First Steps in PHP – A Beginner’s Tutorial


So you’ve decided to make the move into dynamic languages. Congrats and welcome to the club (you’ll teach you the secret handshake later)!

PHP is a great choice: it’s easy to learn, cheap to learn, and very popular.

What Is PHP?

PHP is a dynamic coding language. If you’re like me, that didn’t help me at all when I started learning it, so let’s break it down.

Dynamic: HTML (which I’m assuming you know already…if you don’t, you want to start there) is Static. You type code and it obeys. A Dynamic language can do so much more; it can connect to databases of information, customize pages depending on the person, and handle complicated math problems.

Think of it this way; HTML is a Lemming (ie. Drone, no thought) and PHP is an employee (ie. it obeys, but it can also accept input and solve problems).

How Do I Start?

Well, here is a good place! But seriously, you’ll need three things to start:

1) A way to write code. Whatever you currently use for HTML should work fine. Personally, I use Dreamweaver, but I’ve also heard sublimeText2 is an awesome program. You can also just use notepad (though I wouldn’t recommend it).

2) A way to view code. Basically, you really need a hosting account online. If you REALLY don’t want to spend money on it, you can install PHP on your Localhost. However, in my opinion, this is a study in wasted time – 15 hours later, I still couldn’t get mine to work right.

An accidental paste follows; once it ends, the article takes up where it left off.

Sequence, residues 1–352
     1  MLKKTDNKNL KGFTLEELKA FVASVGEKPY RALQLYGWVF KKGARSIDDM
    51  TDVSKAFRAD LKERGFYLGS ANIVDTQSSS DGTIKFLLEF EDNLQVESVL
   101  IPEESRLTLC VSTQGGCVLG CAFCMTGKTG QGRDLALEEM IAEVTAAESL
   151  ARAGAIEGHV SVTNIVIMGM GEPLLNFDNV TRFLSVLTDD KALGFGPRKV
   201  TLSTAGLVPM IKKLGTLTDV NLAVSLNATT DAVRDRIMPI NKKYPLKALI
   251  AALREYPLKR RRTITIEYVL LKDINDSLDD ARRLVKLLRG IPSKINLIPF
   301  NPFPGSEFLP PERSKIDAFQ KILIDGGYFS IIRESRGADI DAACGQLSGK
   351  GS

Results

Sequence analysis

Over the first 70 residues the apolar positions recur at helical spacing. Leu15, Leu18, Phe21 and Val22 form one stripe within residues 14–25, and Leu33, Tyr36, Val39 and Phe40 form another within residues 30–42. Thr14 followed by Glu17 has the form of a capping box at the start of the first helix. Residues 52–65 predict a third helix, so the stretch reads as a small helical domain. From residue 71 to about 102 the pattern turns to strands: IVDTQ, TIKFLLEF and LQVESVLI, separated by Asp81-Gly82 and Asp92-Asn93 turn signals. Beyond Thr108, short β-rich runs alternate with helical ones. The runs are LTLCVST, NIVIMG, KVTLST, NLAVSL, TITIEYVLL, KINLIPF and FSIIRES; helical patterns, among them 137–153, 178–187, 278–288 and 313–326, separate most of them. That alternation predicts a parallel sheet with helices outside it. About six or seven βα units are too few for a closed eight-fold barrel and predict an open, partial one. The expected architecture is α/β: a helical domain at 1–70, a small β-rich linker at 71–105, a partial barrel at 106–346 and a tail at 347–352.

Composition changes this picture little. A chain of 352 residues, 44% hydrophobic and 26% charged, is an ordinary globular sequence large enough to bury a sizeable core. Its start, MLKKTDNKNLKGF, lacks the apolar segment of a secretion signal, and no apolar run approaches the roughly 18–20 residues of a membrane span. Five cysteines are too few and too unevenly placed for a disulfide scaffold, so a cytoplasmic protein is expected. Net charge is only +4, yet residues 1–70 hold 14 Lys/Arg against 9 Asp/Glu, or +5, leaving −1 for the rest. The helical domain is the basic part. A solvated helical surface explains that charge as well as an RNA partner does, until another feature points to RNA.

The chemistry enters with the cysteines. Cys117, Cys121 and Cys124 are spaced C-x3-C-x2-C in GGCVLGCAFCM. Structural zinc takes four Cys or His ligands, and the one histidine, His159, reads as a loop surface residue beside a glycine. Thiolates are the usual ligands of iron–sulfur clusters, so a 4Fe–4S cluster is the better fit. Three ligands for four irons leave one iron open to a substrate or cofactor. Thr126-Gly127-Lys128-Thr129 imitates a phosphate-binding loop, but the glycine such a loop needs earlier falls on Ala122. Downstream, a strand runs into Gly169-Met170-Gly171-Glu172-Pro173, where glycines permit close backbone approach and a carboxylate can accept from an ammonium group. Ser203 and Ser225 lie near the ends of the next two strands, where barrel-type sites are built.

3) All pages we add PHP coding to, must be saved with a file extension: .php instead of the normal .html/.htm. This allows the computer to know what’s going on. Don’t worry, you can still use HTML on those pages.

How to Think

If you’ve never programmed in a dynamic language before, how to think will become a huge issue in the beginning. Every problem you want to solve in PHP, you’ll need to break down into the smallest possible issue and solve it in steps.

So if I were telling PHP to display something from a database, here’s what I would do:

1) Connect PHP to the database

2) Tell it what table to get information from (databases can have multiple tables – like multiple spreadsheets)

3) Take all the information and put it in a variable

4) Tell it to write that variable on the page.

And that’s just to display something!

Whenever the problem seems insurmountable, break it into Baby Steps and suddenly, you’ll know what to do next.